John in Michigan, USA on :

Joerg, "do you think the likelihood of a terrorist attack in the US or Germany increases, if we all pull out of Afghanistan?" Yes. Even if the specific terrorist cell(s) that implemented 9/11 were not located in Afghanistan, Afghanistan was essential to the network of cells that supported them. Afghanistan was (at that time) critical to the whole movement. It was the "graveyard of empires". Under the Taleban it was (allegely) 100% free of Western corruption and influcences. Therefore, it was a symbol of both victory and purity. It was also a rite of passage. This rite of passage involved both symbol and substance. Sending recruits to Afghanistan (which is as hard to leave as it is hard to get to) provided the isolation required for brainwashing or if you prefer, indoctrination. Once there, they surrendered their funds, passports, etc. to the cell leader, increasing the isolation and dependence and making it very hard to leave. To answer your question more directly: if we (the West) have any interest in the fate of Pakistan's nukes, staying involved in the region is vitally necessary. If we withdraw from Afghanistan, it sends a signal that we don't stand by our allies in the region, and we don't care if Pakistan falls. No amount of financial aid or official reassurances to the govt of Pakistan will be able to distract people from the meaning of that signal. "Did the 9/11 hijacker learn to fly in Afghanistan or did they learn this in the US? Wasn't Muhammed Atta living in Germany? "What do terrorists learn and train in Afghanistan that they cannot learn in Pakistan, Indonesia, Germany or the US?" In those other places, there were local governments that could work with us to disrupt cells. Some, like Germany, were much more helpful than others, but only Afghanistan was a) highly involved in supporting these types of cells and b) completely unwilling to cooperate. Do you think the assassination of the Northern Alliance commander about 1 month before 9/11 was a coincidence? Al-Quaeda means "the base". This is not just a metaphor. In Afghanistan, we are attacking "the base", both literally and figuratively.

Joerg on :

I agree with you regarding the signal a withdrawal would send to Pakistan. On the other points: You write: "Afghanistan was (at that time) critical to the whole movement." I think the emphasis is on what you put in brackets.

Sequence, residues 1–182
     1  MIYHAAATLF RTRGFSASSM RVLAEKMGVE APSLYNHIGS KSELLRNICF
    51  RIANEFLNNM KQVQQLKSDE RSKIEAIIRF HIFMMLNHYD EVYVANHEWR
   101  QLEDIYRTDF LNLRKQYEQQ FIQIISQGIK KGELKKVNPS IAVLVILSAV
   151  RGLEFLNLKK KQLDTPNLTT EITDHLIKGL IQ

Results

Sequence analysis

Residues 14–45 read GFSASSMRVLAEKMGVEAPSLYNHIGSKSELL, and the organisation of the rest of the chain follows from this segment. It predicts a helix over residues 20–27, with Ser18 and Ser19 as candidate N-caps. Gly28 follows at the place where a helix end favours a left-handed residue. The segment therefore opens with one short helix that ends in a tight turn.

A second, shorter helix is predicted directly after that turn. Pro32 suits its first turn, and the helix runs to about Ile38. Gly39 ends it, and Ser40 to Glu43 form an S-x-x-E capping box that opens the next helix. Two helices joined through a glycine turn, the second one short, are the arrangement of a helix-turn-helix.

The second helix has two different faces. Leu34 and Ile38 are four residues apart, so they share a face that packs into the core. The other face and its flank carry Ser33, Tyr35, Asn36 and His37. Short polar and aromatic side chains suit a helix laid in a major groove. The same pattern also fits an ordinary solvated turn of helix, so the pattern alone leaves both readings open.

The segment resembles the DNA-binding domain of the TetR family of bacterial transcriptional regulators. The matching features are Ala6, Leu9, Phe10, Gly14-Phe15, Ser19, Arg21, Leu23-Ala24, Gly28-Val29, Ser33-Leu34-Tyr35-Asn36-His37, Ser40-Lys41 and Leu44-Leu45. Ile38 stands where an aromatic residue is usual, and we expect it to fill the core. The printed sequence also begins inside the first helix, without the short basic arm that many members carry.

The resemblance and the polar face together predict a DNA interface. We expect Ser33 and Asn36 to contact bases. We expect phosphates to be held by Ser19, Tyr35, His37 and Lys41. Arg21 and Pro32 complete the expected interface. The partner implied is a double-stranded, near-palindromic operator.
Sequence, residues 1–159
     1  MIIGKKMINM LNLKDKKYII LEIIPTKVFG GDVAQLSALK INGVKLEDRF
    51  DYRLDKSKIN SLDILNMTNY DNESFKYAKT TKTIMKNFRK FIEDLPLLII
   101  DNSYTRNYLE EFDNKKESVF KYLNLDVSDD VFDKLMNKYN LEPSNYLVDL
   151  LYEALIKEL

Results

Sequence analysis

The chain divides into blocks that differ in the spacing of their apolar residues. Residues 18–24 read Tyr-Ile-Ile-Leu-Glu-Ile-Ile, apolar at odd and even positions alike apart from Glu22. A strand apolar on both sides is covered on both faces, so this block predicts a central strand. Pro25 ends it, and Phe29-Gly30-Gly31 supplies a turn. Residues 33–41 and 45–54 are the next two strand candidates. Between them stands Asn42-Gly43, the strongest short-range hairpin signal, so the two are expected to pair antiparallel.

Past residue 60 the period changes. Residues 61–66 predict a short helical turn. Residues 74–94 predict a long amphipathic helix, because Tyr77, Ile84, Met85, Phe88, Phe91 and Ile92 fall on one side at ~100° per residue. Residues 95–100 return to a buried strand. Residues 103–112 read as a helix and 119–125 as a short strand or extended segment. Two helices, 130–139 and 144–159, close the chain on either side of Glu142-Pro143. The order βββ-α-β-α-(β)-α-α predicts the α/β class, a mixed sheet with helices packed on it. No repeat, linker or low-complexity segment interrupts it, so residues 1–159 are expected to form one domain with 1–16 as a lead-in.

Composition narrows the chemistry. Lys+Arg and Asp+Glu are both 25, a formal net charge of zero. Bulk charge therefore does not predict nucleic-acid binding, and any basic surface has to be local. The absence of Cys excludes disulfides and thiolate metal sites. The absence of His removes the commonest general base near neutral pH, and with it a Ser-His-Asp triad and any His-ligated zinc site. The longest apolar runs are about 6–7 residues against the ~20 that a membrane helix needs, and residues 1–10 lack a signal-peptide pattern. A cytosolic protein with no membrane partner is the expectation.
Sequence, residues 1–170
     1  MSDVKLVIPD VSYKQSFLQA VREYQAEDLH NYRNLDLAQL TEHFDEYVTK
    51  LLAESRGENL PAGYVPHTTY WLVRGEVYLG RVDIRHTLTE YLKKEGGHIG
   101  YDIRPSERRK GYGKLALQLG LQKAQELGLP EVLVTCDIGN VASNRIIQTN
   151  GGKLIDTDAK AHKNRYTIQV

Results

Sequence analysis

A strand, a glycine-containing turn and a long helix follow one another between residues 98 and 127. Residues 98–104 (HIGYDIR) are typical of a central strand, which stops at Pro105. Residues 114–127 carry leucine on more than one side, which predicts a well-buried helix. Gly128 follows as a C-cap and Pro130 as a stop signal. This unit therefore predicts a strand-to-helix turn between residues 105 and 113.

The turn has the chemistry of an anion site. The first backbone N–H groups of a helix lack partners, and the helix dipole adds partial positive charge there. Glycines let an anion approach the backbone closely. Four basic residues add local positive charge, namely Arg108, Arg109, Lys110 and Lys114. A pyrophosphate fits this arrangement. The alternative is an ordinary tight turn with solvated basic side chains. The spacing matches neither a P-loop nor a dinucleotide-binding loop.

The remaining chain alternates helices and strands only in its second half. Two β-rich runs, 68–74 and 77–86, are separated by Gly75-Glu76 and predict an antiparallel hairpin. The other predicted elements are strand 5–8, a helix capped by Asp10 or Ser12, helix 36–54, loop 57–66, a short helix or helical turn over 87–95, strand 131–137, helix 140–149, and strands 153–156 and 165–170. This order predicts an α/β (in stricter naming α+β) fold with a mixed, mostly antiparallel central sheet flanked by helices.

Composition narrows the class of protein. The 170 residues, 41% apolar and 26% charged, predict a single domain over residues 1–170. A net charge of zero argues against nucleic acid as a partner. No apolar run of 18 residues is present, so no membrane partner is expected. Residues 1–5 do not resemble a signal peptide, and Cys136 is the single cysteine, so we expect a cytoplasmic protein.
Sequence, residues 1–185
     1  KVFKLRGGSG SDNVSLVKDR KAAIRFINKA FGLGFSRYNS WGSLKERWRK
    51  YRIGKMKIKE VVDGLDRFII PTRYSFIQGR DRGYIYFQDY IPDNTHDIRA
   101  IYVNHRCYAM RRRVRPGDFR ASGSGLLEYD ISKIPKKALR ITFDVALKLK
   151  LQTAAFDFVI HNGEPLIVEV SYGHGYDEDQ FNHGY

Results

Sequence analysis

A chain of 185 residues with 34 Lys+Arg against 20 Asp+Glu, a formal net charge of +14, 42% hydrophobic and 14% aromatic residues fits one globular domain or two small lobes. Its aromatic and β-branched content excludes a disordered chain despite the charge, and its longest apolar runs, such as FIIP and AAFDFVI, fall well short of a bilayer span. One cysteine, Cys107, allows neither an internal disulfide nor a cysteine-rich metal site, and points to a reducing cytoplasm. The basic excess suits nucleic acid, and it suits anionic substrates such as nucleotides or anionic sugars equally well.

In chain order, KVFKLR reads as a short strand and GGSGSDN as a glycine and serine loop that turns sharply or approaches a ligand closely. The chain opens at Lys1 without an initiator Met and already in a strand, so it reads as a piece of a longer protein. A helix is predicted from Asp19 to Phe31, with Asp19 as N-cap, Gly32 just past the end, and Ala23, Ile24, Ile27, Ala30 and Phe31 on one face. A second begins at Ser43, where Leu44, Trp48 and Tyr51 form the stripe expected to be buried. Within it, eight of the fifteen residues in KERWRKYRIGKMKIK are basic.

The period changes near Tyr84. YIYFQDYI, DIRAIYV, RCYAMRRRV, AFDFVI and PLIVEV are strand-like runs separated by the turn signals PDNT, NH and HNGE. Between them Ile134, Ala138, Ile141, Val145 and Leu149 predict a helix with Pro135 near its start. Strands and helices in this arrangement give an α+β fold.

Joe Noory on :

Your choices are: 1) we vanquish their zones of influence and set them back and off balance, no matter where they are, deny them as many opportunities to become a larger social or territorial element, or we 2) imagine that there is no point dealing with terror, that a few thousand deaths here and there, so long as they don't include you, is an acceptable price. Which one do you want to bet other people's lives (as well as yours') on? Stop assuming that it's only western societies that can ultimately be defeated, or think that the chance of being "left in peace" is the same as peace.

Don S on :

Perhaps Germany could pull out alone, and leave the rest there. Might be in your self-interest, why not try it?

Joerg - Atlantic Review on :

From the [url=http://www.germany.info/Vertretung/usa/en/__PR/P__Wash/2009/04/28__Freedom__Students__rel,archiveCtx=1992698.html]German embassy[/url]: [quote]In the fall of 2009, students at more than 25 US universities will celebrate the anniversary of the fall of the Berlin Wall by organizing Campus Weeks with financial and organizational support from the German Embassy in Washington DC[/quote]

Joe Noory on :

I'm inclined to organize a celebration of my own at a bar somewhere. Who needs the funding when you're just plain thankful.

Pat Patterson on :

I'm not to sure just what is meant by "normal" other than some idealized version of what some think German foreign policy should be. When, and I'm not trying to cast aspersions, over a longer range of history has Germay or its predecessor states ever played nice and normal with its neighbors?

Marie Claude on :

"And despite the recent display of Franco-German unity at the G20 gathering in London, she neither trusts nor likes Frances Nicolas Sarkozy" Did she ever trust anyone ? what she likes, it is making businesses (be them with rogues states, so does Austria and Switzerland) and avances Germany as an economical leader for the rest of the EU like in the good ol times, and we still remember how it ended The error that the western world did, was to let the 2 Germany become one entity, an eastern Germany could have made her way into EU like her other former soviet neighbours did. we are no longer europhiles 36 % europeans since 2004 think that enlarging EU was "bad", 59 % French think so while 53 % of the rest of EU do http://www.lefigaro.fr/elections-europeennes-2009/2009/04/28/01024-20090428ARTFIG00359-france-et-europe-les-raisons-d-une-defiance-.php